Report stage & Report: 3rd sitting (Hansard) & Report: 3rd sitting (Hansard): House of Lords
Wednesday 6th January 2021

(3 years, 5 months ago)

Lords Chamber
Read Full debate Trade Bill 2019-21 View all Trade Bill 2019-21 Debates Read Hansard Text Read Debate Ministerial Extracts Amendment Paper: HL Bill 128-R-III Third marshalled list for Report - (22 Dec 2020)
Lord Haskel Portrait The Deputy Speaker (Lord Haskel) (Lab)
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I call the noble and learned Lord, Lord Morris of Aberavon. He is not there, so we will move on to the noble Baroness, Lady Neville-Rolfe.

Baroness Neville-Rolfe Portrait Baroness Neville-Rolfe (Con) [V]
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My Lords, I rise to express my concern at these amendments. They have been presented at length and with much eloquence by the noble Lord, Lord Hain, and others. However, they ought not to be for this Bill.

This is not a Bill on our future relationship with the EU or the Northern Ireland protocol. We put all that to bed last month; there is another debate on Friday and a great deal of work continues not least in the EU committee on which I have the honour to serve and in the Joint Committee. However, except on procurement, the Trade Remedies Authority and data, this Bill is concerned with existing agreements between the EU and third countries. I take this opportunity of congratulating the Minister and Secretary of State Truss on the 63 agreements concluded with third countries in the last year, a record that will undoubtedly stand. The idea of attaching new conditions to such continuity agreements on other policy areas such as the Good Friday agreement, however strongly felt by those involved, is inappropriate. I will vote against the amendment for that reason, as I hope will others across the House.

The EU deal is behind us, thanks to the Prime Minister, my noble friend Lord Frost and the team, and the time has come to get this Trade Bill, which started as long ago as 2017, on to the statute book. I will not extend proceedings by speaking on other amendments which suffer from the same problem and which will also, no doubt, be presented with an equally eloquent case. We do no good in this House by introducing these kinds of conditions into inappropriate or irrelevant Bills. To my mind, they should be rejected.

Separately, as someone who loves and has historically been involved in investment in Northern Ireland, and in the interests of reducing uncertainty, to which my noble friend Lord Cormack referred, I look forward to the Minister’s comments on the teething problems in supermarkets mentioned by the noble Baroness, Lady Ritchie of Downpatrick.

Lord Haskel Portrait The Deputy Speaker (Lord Haskel) (Lab)
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I call again the noble and learned Lord, Lord Morris of Aberavon. No? I call the noble Baroness, Lady Suttie.

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Lord Lansley Portrait Lord Lansley (Con) [V]
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My Lords, as the noble Lord, Lord Stevenson of Balmacara, said, this short debate follows on from the debate that we had in this House on the Trade (Disclosure of Information) Bill on 17 December. Like the noble Lord, Lord Stevenson, I am most grateful to the Minister for his letter of 4 January.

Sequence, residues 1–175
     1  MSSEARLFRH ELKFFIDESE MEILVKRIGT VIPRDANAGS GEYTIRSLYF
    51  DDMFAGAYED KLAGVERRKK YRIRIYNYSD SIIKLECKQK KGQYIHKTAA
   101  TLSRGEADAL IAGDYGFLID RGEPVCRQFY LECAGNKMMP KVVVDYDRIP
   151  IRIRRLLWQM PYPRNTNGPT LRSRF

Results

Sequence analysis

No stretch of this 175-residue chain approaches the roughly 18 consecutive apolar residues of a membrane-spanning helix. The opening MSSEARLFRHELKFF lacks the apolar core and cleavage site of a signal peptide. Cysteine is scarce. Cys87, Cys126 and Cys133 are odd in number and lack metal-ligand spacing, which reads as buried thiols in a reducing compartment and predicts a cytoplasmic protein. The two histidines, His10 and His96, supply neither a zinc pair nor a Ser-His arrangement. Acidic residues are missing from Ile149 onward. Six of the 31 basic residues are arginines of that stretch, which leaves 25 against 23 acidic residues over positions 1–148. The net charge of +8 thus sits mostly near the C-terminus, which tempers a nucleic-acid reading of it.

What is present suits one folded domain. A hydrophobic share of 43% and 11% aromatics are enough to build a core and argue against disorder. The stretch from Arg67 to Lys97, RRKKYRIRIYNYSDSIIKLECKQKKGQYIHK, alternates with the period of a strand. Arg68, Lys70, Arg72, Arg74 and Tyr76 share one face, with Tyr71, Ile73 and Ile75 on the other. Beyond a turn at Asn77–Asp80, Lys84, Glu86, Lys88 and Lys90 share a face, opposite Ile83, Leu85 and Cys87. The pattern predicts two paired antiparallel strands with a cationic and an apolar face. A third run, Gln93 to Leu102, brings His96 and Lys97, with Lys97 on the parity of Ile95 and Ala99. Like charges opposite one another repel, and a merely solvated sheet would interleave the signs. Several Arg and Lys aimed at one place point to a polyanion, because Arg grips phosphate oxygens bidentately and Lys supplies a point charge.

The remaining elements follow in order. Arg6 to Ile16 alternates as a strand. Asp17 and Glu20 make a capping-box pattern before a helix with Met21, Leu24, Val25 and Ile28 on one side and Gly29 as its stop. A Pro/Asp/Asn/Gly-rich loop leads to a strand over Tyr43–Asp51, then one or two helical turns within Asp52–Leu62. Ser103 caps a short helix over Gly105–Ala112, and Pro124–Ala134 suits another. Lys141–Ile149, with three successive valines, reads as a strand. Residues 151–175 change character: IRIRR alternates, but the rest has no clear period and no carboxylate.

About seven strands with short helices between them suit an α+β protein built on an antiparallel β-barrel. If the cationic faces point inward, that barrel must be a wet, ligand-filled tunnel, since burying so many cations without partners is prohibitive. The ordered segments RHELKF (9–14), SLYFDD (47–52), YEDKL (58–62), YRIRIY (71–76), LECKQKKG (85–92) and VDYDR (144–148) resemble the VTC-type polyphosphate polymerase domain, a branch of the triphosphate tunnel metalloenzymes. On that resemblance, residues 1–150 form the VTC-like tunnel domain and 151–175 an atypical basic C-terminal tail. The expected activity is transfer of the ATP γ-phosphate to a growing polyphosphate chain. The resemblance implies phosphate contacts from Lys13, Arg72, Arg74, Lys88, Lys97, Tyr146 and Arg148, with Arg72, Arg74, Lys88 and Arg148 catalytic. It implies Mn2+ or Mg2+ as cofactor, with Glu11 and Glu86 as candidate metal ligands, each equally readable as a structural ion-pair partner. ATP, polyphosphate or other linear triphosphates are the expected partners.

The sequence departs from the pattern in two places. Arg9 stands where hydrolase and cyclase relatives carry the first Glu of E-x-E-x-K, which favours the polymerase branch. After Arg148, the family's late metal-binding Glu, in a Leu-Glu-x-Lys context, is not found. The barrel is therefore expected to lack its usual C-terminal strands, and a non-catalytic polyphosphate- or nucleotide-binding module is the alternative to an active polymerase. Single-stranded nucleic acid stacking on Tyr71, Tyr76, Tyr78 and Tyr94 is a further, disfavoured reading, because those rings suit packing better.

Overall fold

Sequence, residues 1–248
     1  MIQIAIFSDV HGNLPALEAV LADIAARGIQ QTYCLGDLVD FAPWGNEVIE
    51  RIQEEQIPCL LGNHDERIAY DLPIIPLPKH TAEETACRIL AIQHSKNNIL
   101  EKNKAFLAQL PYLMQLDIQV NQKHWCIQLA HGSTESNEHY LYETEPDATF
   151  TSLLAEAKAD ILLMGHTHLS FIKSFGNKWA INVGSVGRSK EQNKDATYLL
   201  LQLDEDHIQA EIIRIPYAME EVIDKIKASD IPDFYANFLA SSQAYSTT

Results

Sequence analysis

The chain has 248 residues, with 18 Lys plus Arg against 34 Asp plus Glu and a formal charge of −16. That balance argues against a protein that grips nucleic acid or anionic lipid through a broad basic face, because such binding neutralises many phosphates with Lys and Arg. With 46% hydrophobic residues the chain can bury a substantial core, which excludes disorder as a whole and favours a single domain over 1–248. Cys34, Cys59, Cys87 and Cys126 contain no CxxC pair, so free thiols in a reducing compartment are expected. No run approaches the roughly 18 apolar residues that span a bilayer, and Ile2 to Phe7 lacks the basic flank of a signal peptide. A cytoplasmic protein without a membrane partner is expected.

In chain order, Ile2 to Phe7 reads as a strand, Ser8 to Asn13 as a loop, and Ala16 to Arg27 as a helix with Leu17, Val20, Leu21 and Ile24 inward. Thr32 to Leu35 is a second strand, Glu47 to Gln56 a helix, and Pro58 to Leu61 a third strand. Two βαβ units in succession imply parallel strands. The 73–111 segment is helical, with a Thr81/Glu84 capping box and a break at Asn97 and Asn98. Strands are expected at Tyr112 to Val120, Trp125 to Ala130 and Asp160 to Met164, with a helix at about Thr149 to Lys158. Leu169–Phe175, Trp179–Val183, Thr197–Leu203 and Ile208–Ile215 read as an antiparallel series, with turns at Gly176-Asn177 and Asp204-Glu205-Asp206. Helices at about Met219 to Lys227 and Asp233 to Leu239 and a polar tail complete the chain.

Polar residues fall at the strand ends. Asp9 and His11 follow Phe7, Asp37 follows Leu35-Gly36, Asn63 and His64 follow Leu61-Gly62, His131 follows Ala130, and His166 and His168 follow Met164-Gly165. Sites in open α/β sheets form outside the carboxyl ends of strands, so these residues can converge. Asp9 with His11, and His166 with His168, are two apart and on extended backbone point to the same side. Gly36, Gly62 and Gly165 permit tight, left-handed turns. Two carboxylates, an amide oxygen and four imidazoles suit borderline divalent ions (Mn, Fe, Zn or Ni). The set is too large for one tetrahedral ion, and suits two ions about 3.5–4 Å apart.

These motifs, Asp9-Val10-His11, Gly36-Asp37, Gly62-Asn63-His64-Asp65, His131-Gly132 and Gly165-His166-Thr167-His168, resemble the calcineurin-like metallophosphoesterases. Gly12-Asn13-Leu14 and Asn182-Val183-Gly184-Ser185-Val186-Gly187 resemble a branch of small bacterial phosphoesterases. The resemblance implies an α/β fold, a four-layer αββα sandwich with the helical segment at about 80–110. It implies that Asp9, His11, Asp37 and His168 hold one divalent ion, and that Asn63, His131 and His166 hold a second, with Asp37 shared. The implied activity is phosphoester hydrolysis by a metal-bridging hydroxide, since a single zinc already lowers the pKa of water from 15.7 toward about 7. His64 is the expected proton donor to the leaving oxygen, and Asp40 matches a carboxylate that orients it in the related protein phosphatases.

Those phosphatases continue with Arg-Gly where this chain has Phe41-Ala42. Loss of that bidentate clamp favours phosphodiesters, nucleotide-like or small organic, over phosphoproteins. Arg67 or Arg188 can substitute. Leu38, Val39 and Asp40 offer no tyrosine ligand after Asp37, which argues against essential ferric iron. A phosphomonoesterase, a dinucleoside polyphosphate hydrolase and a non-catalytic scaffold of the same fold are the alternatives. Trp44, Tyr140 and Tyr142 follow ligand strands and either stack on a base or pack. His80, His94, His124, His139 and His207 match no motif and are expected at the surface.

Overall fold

There are just two things that I want to say following on from that. The first is that I am grateful, but not surprised, that in his letter the Minister said that, although the wording in the amendments that we are now making to the Trade Bill varies slightly from the wording of the clauses in the Trade (Disclosure of Information) Act, the legal effect is exactly the same. I do not think we ever thought that the legal effect would be different. What we find somewhat surprising is that, to achieve the same effect at virtually the same time in two pieces of legislation, the wording is not the same. That was a slightly surprising aspect of the drafting that we were presented with when we saw the Trade (Disclosure of Information) Bill last month.

Secondly, I raised the question of what is meant by, and what is the purpose of, the amendments that put into the Bill the saving provision in Clauses 8 and 9 —that

“nothing in this section authorises the making of a disclosure which … contravenes the data protection legislation”

or aspects of the Investigatory Powers Act. The purpose of the government amendments is to ensure that, when these pieces of legislation and their constraints on disclosure are considered, Ministers can also take into account the powers conferred in this clause.

The Minister’s letter refers to the Supreme Court case of the Christian Institute and others v the Lord Advocate in 2016. I have had the chance to read the judgment and it does indeed refer to the situation where there is in effect, under legislative provisions such as the data protection legislation, a statutory gateway that allows those provisions to be escaped from in circumstances where there are powers for disclosure in other enactments. In the absence of these provisions, the data protection legislation and the Investigatory Powers Act might well make it very difficult for the necessary disclosures to be made in certain specific circumstances. Therefore, it allows for them to be seen together.

Paraphrasing, I think, the language of the Supreme Court, it is necessary for anyone wanting to understand the effect of this clause to have this legislation in one hand and the data protection law—indeed, I would add the Investigatory Powers Act—in the other. It does not tell you how any particular instance would be resolved but it does tell you that both must be considered together, and that is entirely reasonable.